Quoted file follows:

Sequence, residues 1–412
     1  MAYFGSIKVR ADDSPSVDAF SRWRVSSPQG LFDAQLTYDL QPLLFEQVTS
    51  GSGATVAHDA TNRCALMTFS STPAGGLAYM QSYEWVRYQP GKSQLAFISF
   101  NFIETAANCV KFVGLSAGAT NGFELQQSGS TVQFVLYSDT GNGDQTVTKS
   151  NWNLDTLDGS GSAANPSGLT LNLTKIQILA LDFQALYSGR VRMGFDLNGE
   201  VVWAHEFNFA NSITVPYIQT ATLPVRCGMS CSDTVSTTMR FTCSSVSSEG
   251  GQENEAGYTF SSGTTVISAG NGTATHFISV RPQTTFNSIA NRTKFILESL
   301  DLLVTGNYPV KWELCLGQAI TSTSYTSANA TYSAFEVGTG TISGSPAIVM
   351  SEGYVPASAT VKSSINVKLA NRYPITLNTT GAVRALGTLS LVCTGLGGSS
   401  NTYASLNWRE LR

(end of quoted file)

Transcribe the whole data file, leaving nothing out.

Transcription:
Sequence, residues 1–412
     1  MAYFGSIKVR ADDSPSVDAF SRWRVSSPQG LFDAQLTYDL QPLLFEQVTS
    51  GSGATVAHDA TNRCALMTFS STPAGGLAYM QSYEWVRYQP GKSQLAFISF
   101  NFIETAANCV KFVGLSAGAT NGFELQQSGS TVQFVLYSDT GNGDQTVTKS
   151  NWNLDTLDGS GSAANPSGLT LNLTKIQILA LDFQALYSGR VRMGFDLNGE
   201  VVWAHEFNFA NSITVPYIQT ATLPVRCGMS CSDTVSTTMR FTCSSVSSEG
   251  GQENEAGYTF SSGTTVISAG NGTATHFISV RPQTTFNSIA NRTKFILESL
   301  DLLVTGNYPV KWELCLGQAI TSTSYTSANA TYSAFEVGTG TISGSPAIVM
   351  SEGYVPASAT VKSSINVKLA NRYPITLNTT GAVRALGTLS LVCTGLGGSS
   401  NTYASLNWRE LR